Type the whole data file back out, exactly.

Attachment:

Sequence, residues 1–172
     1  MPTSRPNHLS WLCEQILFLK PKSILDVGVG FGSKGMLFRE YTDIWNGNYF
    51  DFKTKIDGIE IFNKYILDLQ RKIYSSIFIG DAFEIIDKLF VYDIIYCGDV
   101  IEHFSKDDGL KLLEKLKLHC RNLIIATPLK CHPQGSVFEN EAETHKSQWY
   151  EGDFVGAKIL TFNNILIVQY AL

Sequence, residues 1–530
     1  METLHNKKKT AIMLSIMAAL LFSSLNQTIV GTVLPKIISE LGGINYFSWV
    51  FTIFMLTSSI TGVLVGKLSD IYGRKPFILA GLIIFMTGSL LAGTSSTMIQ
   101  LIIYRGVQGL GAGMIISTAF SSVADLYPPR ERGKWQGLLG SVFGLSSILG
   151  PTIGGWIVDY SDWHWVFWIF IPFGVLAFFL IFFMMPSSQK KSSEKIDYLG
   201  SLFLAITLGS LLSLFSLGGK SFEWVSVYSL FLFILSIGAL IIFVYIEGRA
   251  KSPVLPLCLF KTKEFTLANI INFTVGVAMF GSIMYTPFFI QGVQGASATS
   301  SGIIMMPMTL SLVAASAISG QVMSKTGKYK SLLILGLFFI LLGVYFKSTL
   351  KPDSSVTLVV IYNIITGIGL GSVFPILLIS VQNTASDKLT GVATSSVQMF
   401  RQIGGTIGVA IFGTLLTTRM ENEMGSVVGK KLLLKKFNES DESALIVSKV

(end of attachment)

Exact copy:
Sequence, residues 1–172
     1  MPTSRPNHLS WLCEQILFLK PKSILDVGVG FGSKGMLFRE YTDIWNGNYF
    51  DFKTKIDGIE IFNKYILDLQ RKIYSSIFIG DAFEIIDKLF VYDIIYCGDV
   101  IEHFSKDDGL KLLEKLKLHC RNLIIATPLK CHPQGSVFEN EAETHKSQWY
   151  EGDFVGAKIL TFNNILIVQY AL

Sequence, residues 1–530
     1  METLHNKKKT AIMLSIMAAL LFSSLNQTIV GTVLPKIISE LGGINYFSWV
    51  FTIFMLTSSI TGVLVGKLSD IYGRKPFILA GLIIFMTGSL LAGTSSTMIQ
   101  LIIYRGVQGL GAGMIISTAF SSVADLYPPR ERGKWQGLLG SVFGLSSILG
   151  PTIGGWIVDY SDWHWVFWIF IPFGVLAFFL IFFMMPSSQK KSSEKIDYLG
   201  SLFLAITLGS LLSLFSLGGK SFEWVSVYSL FLFILSIGAL IIFVYIEGRA
   251  KSPVLPLCLF KTKEFTLANI INFTVGVAMF GSIMYTPFFI QGVQGASATS
   301  SGIIMMPMTL SLVAASAISG QVMSKTGKYK SLLILGLFFI LLGVYFKSTL
   351  KPDSSVTLVV IYNIITGIGL GSVFPILLIS VQNTASDKLT GVATSSVQMF
   401  RQIGGTIGVA IFGTLLTTRM ENEMGSVVGK KLLLKKFNES DESALIVSKV